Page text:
While the athletes at the Winter Olympics in Pyeongchang are concerned with skiing and snowboarding through the snow, researchers from NASA are focused on the snow itself.
Working with 19 other agencies from 11 countries, and led by the Korea Meteorological Administration, NASA is measuring snow during the Olympic and Paralympic games in Korea to improve snowstorm forecast models. The project is called the International Collaborative Experiments for Pyeongchang 2018 Olympic and Paralympic Winter Games, or ICE-POP.
"We are interested in South Korea because we can improve our understanding of the physics of snow in mountainous areas to help improve the accuracy of our observations and models," Walt Petersen, research physical scientist at NASA's Marshall Space Flight Center explained in a NASA statement.
Predicting the next snow day
NASA, along with other U.S.-based researchers from Colorado State University, the National Center for Atmospheric Research and National Oceanic and Atmospheric Administration (NOAA), are using a series of ground-based instruments, satellites and weather models to craft reports about current snow conditions and test new, experimental models for forecasts. This information will then be given to Olympic officials to help them prepare for changes in the weather.
What makes South Korea challenging, but also exciting for the researchers, is its diverse terrain. Beaches and mountains are easy for humans to travel between and the same applies to snowstorms. Air flow can change rapidly given these geographical shifts and result in big snowstorms in Pyeongchang. So scientists are doing what they can to observe the snow as it moves through the area.
Observations are made at 16 different sites near Olympic venues, with a combination of ground- and space-based methods. On the ground, NASA is using snow imagers that use high-speed cameras and software to image every snowflake as it falls in its viewing area. These imagers are useful for counting the snowflakes and determining how much water is falling at that moment. Helping with that is the Dual-frequency, Dual-polarized, Doppler Radar (D3R) system. This large piece of machinery measures the quantity and types of falling snow, registering if it is sleet or fluffy snow.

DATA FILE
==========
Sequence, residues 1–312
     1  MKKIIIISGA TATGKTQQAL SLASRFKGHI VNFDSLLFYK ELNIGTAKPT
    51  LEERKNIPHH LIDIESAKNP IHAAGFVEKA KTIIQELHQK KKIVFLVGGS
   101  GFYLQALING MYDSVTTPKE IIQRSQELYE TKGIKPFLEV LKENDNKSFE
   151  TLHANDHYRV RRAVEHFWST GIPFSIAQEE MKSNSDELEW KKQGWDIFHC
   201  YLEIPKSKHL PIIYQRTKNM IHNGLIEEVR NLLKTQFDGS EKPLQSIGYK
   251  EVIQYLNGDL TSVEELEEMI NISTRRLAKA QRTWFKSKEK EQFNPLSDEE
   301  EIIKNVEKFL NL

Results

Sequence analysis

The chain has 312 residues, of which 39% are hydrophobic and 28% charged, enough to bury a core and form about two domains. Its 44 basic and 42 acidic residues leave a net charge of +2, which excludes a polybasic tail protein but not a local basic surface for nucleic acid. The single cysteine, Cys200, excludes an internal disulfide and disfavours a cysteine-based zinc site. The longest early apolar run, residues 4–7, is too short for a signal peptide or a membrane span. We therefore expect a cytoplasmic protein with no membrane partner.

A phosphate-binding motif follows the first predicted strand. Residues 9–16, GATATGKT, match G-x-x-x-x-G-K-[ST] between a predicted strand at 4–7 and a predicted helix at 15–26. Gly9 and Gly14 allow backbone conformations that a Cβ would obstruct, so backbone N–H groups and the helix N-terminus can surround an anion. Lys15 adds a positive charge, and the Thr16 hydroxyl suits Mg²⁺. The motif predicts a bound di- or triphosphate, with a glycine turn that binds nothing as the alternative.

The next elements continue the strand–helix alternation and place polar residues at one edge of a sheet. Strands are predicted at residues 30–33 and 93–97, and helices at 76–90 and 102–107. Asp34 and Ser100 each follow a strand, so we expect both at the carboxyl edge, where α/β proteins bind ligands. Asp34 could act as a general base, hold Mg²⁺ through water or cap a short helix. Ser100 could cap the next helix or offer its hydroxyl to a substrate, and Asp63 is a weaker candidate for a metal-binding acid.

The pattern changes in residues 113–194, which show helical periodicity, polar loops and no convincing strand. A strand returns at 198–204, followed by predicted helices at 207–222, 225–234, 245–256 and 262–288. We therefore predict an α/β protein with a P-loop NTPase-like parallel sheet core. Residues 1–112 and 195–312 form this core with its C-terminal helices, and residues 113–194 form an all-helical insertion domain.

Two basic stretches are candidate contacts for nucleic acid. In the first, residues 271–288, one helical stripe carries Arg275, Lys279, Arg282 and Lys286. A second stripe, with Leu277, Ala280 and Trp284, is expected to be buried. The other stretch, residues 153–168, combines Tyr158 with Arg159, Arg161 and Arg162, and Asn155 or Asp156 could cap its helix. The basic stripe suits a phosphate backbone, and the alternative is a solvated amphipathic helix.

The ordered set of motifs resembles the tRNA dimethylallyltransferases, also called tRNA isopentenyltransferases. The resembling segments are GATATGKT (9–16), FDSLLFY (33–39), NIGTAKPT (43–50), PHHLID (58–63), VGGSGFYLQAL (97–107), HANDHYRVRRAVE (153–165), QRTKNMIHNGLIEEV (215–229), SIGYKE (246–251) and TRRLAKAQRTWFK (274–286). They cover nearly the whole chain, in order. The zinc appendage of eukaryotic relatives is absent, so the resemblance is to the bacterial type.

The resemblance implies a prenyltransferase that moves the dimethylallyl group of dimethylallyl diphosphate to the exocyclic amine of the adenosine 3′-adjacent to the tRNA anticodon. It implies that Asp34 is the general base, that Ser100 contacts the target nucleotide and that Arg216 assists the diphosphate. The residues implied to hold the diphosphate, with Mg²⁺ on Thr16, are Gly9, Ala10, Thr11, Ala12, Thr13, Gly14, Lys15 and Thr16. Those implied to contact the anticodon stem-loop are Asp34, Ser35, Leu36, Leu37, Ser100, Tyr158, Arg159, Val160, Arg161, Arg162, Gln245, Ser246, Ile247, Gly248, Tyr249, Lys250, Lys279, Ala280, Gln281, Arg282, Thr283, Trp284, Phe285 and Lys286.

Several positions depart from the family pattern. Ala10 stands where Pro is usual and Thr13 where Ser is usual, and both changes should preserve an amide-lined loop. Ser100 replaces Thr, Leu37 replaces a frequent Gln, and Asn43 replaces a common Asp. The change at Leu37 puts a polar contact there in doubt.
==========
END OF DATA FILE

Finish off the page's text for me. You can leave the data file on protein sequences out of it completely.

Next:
Ground-based observations are only so helpful, however, since it's difficult to get equipment to mountainous terrain. That's when space-based tools come into play. NASA will track snowstorms with the Global Precipitation Measurement (GPM) Core Observatory. This satellite is designed to estimate rainfall rates and detect falling snow from space. While the satellite is good for big picture observations, it has trouble measuring size, shape and water content of snow, which varies.
Improving the forecast
Researchers think that using both of these approaches will provide an accurate picture of snow in the area and will help them to better predict when the next snowstorm will form, how it will move, and even what kind of snow will fall. This will help not only Olympic officials know what to expect, but it will also improve NASA's own forecasting models.
To that end, the NASA teams in Pyeongchang are using a forecast model developed by NASA's Short-term Prediction Research and Transition Center (SPoRT). SPoRT, which seeks to improve short-term weather forecasts in a region, designed the model to do a couple of different things. First, the model can determine what a cloud is made of and then provides specific details on whether it's producing rain or snow. Second, the model uses data from three different satellites — NASA's Terra and Aqua satellites and the NASA/NOAA/Department of Defense Suomi-National Polar Orbiting Partnership satellite — to determine sea surface temperatures. This information tells researchers how much energy is available and how much moisture could end up evaporated and becoming snow.
"This model includes a complex representation of clouds in atmospheric models to better characterize rain, ice, and snow content in clouds. It also includes one of the highest resolution sea surface temperature products available in real time," Brad Zavodsky, the project manager for SPoRT, said in the NASA statement. "We're excited to see how well this high-resolution model will perform."
The Korean Meteorological Administration gets forecasts four times a day from SPoRT and compares the SPoRT model with the other ICE-POP models before passing them along to Olympic officials.
"When you run these models together from the different agencies, you can see how one model behaves versus another one. You learn a great deal about your abilities to predict in a forecast model and how to improve it," Zavodsky said.